All the regulations and rituals of the Old Testament Law, were a picture, or a foreshadowing of the reality to come. Jesus is the reality. If we insist on turning back to the Law, we need to realize that, in so doing, we are turning our hearts away from Christ, with all He has done, and concentrating on the things that we can do.

More Thieves!

There are all sorts of ways through which we can damage our freedom in Christ, and thus, our walk with him. Rituals, self-flagellations, self-humiliation, and over-emphasis of angelic intervention in human experience, along with self-conceived visions (as God called the visions of the false prophets in Jeremiah’s time) all tend to lead us away from a simple, day-by-day walk with Christ. The whole point of our life in Christ is that it is to be Christ-centered.

I have read that there was a teaching at the time this was written, which denied the deity of Christ, and relegated him to the status of an exalted spirit, but claimed that angels had somehow brought us salvation. They denied the value of the blood of Jesus at the Cross, and substituted their own ideas for the Truth of the Gospel. They drew people away from the Gospel and in so doing, destroyed their walk with Christ. Paul warns that such false teachers can ultimately trick us out of the reward that is offered to us for simply walking with Him.

18 Let no man beguile you of your reward in a voluntary humility and worshipping of angels, intruding into those things which he hath not seen, vainly puffed up by his fleshly mind,

To “beguile” means to “trick.” You remember that Eve’s only defense, in the Garden, was that the Serpent had tricked her—beguiled her. Don’t let people trick you into giving up your reward. (Remember: Salvation is a gift: rewards are earned!)

People may claim to have seen visions of some sort (and I do not deny the possibility): but the visions have to be in agreement with the Written Word of God, or I am deeply suspicious of their source. There is something in the human psyche that demands self-aggrandizement, even if it is some sort of “I am more humble than you are!” type of boasting. God told the false prophets who were Jeremiah’s contemporaries that they had caused their “visions” or dreams, themselves, and that the visions were not from God. (Jeremiah 29:8) Believers easily get drawn into a mystical “experience-driven” faith, as opposed to simply believing God. I remember a fellow-pastor relating to me how he had attempted to share scripture with a woman, who responded angrily, “I don’t care what the Bible says! I have my experience!” Our experiences may or may not be interpreted rightly, and may or may not be “messages from God.” While it certainly is possible to misinterpret God’s Word, at least it is there to be re-read and understood by anyone who cares. Our experiences are not so secure. (Compare 2nd Peter 1:15-21) The Word is our Light.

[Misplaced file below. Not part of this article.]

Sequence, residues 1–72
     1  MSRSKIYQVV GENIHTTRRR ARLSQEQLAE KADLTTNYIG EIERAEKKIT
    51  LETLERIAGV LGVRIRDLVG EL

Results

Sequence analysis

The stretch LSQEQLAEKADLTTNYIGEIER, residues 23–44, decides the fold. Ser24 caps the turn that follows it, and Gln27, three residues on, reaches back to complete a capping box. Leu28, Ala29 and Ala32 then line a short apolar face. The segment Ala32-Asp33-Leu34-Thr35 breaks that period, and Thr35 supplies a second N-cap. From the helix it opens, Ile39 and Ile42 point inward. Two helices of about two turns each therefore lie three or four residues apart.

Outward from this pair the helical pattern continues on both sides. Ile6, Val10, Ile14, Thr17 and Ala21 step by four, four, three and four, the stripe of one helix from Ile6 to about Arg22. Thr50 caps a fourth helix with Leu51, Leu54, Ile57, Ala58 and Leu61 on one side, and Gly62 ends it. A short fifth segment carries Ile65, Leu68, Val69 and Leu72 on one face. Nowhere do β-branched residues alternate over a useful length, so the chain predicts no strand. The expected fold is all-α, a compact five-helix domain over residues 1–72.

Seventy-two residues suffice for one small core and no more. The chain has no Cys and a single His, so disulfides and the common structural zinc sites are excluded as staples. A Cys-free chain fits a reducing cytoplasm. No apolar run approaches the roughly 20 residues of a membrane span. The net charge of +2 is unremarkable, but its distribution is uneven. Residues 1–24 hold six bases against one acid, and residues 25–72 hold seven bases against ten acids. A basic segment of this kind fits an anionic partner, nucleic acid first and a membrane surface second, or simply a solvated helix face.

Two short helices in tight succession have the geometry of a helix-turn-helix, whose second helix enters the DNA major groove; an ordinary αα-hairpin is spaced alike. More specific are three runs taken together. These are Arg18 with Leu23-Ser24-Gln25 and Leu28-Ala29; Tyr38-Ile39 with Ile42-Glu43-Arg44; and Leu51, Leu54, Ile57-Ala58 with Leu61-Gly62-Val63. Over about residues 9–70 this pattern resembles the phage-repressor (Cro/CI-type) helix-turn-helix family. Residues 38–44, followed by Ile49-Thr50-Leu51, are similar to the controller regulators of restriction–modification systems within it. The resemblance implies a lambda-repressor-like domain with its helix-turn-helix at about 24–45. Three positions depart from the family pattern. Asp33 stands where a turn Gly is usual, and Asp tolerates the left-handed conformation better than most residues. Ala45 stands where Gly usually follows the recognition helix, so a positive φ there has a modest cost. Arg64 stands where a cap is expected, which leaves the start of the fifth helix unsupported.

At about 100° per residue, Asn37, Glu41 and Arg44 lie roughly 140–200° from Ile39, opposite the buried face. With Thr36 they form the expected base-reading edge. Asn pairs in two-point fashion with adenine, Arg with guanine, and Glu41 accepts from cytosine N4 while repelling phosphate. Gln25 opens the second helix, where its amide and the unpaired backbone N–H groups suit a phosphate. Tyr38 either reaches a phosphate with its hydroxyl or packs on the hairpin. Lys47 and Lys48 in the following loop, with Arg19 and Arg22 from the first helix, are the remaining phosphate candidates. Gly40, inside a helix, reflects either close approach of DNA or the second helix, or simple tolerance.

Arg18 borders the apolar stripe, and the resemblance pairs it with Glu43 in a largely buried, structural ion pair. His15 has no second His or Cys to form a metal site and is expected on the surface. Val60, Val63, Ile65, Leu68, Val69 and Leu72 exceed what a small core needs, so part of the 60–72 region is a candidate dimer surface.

The Body needs the Head

All of our rituals and pious grandstanding do not impress the Lord. Most of them are weak attempts to emulate parts of the Jewish experience: the feasts, the dietary laws, the Sabbaths, etc., even to the extent of attempting to re-create some of the temple vestments and furniture. There was a man, for a while, who had made a copy of the altar of incense, and who had a religious television show of praying before the “Golden Altar of Incense Prayer!” That is blasphemous, as his work was certainly not the altar of incense. It was false teaching, too, as in the New Testament there is no such altar, and no directive to pray in a particular place, posture, or manner. Such things look attractive, and sound pious, but they do not draw us closer to God. They only result in a return to legalism, not a free, wholesome walk with the Savior.

19 And not holding the Head, from which all the body by joints and bands having nourishment ministered, and knit together, increaseth with the increase of God.

Notice that the Head is Christ…and the Body is the Church, proper. The Head is to be the only source of nourishment and guidance for the Body. And the Body is to respond to the Head, not to all the misdirection of the World. Give this some thought: we are dependent upon the Head for all things, whether we know it or not, and whether we choose to do so or not. He still is the ultimate source of all our sustenance, and care. But he asks that we choose to depend upon Him; and, that we choose willingly, not by default. Choose to respond to the Person of Christ, and not to the temptations and pressures of the World, and your perspectives will begin to change.